Počet záznamů: 1  

Analysis of brood sex ratios: implications of offspring clustering

  1. 1.
    SYSNO ASEP0164160
    Druh ASEPJ - Článek v odborném periodiku
    Zařazení RIVJ - Článek v odborném periodiku
    Poddruh JOstatní články
    NázevAnalysis of brood sex ratios: implications of offspring clustering
    Tvůrce(i) Krackow, S. (CH)
    Tkadlec, Emil (UBO-W) RID
    Zdroj.dok.Behavioral Ecology and Sociobiology - ISSN 0340-5443
    Roc. 50, č. 4 (2001), s. 293-301
    Poč.str.9 s.
    Jazyk dok.eng - angličtina
    Země vyd.DE - Německo
    Klíč. slovageneralized linear mixed models ; random coefficients ; multilevel analysis
    Vědní obor RIVEG - Zoologie
    CEPGA524/01/1316 GA ČR - Grantová agentura ČR
    CEZAV0Z6093917 - UBO-W
    AnotaceGeneralized linear models (GLMs) are increasingly used in modern statistical analyses of sex ratio variation because they are able to determine variable design effects on binary response data. However, in applying GLMs, authors frequently neglect the hierarchical structure of sex ratio data, thereby increasing the likelihood of committing 'type I' error. Here, we argue that whenever clustered (e.g., brood) sex ratios represent the desired level of statistical inference, the clustered data structure ought to be taken into account to avoid invalid conclusions. Neglecting the between-cluster variation and the finite number of clusters in determining test statistics, as implied by using likelihood ratio-based chi (2)-statistics in conventional GLM, results in biased (usually overestimated) test statistics and pseudoreplication of the sample. Random variation in the sex ratio between clusters (broods) can often be accommodated by scaling residual binomial (error) variance for overdispersion, and using F-tests instead of chi (2)-tests. More complex situations, however, require the use of generalized linear mixed models (GLMMs). By introducing higher-level random effects in addition to the residual error term, GLMMs allow an estimation of fixed effect and interaction parameters while accounting for random effects at different levels of the data. GLMMs are first required in sex ratio analyses whenever there are covariates at the offspring level of the data, but inferences are to be drawn at the brood level. Second, when interactions of effects at different levels of the data are to be estimated, random fluctuation of parameters can be taken into account only in GLMMs. Data structures requiring the use of GLMMs to avoid erroneous inferences are often encountered in ecological sex ratio studies.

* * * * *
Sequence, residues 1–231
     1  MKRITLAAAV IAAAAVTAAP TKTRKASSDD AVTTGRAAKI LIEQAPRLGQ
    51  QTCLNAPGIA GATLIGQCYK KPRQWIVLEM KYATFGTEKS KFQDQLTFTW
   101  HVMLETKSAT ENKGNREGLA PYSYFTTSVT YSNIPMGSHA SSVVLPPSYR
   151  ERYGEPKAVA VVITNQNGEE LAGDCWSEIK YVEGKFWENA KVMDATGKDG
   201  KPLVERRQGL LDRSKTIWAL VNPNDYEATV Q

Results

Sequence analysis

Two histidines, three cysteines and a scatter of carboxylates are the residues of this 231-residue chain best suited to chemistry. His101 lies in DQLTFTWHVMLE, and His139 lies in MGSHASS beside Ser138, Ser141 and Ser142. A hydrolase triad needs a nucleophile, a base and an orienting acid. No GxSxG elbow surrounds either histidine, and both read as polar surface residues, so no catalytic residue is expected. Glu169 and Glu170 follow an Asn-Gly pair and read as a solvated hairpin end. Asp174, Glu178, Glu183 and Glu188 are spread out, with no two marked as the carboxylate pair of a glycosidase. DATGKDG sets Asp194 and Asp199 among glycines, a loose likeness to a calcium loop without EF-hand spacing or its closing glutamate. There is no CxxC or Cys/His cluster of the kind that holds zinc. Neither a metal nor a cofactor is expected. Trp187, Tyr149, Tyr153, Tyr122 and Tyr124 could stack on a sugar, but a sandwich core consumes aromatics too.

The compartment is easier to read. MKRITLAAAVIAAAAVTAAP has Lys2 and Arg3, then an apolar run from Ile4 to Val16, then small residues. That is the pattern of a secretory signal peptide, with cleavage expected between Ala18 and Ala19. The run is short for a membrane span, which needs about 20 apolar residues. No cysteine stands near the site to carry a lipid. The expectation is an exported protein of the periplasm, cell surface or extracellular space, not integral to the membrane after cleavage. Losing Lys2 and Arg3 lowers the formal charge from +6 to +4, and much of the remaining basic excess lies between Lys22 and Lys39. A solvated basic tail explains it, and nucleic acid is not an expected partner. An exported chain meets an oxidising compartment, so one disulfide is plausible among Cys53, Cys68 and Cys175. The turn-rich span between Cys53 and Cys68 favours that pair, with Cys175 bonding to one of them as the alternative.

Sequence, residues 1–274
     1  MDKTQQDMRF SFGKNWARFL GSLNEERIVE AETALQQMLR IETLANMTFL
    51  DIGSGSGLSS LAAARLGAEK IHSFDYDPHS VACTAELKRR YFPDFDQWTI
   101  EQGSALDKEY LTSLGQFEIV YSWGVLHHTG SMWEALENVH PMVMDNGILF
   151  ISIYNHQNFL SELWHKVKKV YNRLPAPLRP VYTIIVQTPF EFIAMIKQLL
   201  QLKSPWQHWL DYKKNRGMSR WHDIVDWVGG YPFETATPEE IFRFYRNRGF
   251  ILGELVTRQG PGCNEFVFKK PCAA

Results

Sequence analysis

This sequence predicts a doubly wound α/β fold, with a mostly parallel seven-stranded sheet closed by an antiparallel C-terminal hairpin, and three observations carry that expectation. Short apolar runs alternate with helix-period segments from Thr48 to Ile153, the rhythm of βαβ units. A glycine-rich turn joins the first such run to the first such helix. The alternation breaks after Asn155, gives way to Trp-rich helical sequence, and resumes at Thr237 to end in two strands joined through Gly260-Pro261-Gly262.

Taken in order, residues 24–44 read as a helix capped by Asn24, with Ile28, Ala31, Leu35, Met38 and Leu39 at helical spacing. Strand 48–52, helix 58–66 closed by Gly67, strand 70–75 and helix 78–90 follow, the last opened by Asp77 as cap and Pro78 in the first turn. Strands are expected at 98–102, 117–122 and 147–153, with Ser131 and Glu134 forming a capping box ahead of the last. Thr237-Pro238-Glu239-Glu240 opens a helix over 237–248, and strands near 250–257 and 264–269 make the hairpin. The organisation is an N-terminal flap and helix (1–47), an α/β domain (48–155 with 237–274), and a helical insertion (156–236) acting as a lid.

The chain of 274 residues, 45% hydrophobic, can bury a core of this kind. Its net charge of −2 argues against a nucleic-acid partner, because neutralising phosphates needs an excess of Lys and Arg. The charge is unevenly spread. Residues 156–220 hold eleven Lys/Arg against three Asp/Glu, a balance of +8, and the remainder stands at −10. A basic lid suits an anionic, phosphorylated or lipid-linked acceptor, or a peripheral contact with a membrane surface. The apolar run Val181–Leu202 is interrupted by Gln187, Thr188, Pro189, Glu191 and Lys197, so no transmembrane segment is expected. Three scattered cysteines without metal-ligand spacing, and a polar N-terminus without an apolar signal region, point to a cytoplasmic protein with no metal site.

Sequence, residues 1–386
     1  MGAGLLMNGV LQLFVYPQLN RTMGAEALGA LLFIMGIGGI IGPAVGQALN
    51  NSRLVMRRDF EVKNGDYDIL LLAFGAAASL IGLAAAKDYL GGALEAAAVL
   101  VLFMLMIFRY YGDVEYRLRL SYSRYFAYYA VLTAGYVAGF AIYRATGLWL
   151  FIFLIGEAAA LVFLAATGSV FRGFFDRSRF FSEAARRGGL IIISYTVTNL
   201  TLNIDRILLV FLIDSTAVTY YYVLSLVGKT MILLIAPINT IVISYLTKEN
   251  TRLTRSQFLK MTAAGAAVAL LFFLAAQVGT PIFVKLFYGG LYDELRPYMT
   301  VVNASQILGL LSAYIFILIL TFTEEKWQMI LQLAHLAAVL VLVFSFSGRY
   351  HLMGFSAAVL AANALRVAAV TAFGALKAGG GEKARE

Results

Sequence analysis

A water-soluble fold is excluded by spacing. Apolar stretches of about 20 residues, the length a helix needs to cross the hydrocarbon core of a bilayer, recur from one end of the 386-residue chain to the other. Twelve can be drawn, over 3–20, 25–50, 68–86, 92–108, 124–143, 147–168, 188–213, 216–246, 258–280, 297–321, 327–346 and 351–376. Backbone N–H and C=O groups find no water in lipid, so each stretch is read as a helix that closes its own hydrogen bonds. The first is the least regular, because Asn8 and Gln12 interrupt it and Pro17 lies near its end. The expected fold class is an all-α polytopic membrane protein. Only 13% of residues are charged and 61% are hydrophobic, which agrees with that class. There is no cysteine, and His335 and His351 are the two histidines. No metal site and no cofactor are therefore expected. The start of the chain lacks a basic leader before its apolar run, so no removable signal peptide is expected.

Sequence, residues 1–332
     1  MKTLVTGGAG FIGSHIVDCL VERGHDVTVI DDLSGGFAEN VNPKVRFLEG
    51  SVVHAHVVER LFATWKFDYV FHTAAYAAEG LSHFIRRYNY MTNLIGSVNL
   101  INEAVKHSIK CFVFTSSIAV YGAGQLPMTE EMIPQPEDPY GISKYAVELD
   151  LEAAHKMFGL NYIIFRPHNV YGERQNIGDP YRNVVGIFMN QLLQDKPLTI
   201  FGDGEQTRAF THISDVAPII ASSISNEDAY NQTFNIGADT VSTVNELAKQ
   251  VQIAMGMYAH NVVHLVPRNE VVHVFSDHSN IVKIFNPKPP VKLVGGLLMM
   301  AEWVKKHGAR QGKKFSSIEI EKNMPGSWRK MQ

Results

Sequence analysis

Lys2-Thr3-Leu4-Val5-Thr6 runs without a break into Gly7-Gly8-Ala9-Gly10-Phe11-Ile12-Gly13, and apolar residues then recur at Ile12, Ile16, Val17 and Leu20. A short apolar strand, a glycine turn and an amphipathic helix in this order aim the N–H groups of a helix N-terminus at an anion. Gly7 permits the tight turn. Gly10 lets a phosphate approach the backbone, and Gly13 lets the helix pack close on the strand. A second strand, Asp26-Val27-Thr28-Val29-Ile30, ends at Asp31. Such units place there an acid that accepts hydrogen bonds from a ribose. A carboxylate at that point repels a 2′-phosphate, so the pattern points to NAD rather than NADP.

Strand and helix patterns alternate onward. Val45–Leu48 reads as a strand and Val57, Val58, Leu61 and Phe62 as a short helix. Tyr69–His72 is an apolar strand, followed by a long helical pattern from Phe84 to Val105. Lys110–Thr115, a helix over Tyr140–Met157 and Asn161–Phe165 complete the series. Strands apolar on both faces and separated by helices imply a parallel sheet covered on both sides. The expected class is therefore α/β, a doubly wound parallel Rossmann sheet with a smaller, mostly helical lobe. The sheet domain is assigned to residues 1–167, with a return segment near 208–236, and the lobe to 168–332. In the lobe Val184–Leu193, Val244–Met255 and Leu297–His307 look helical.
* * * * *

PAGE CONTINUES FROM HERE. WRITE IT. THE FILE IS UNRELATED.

PracovištěÚstav biologie obratlovců
    KontaktHana Slabáková, slabakova@ivb.cz, Tel.: 543 422 524
    Rok sběru2002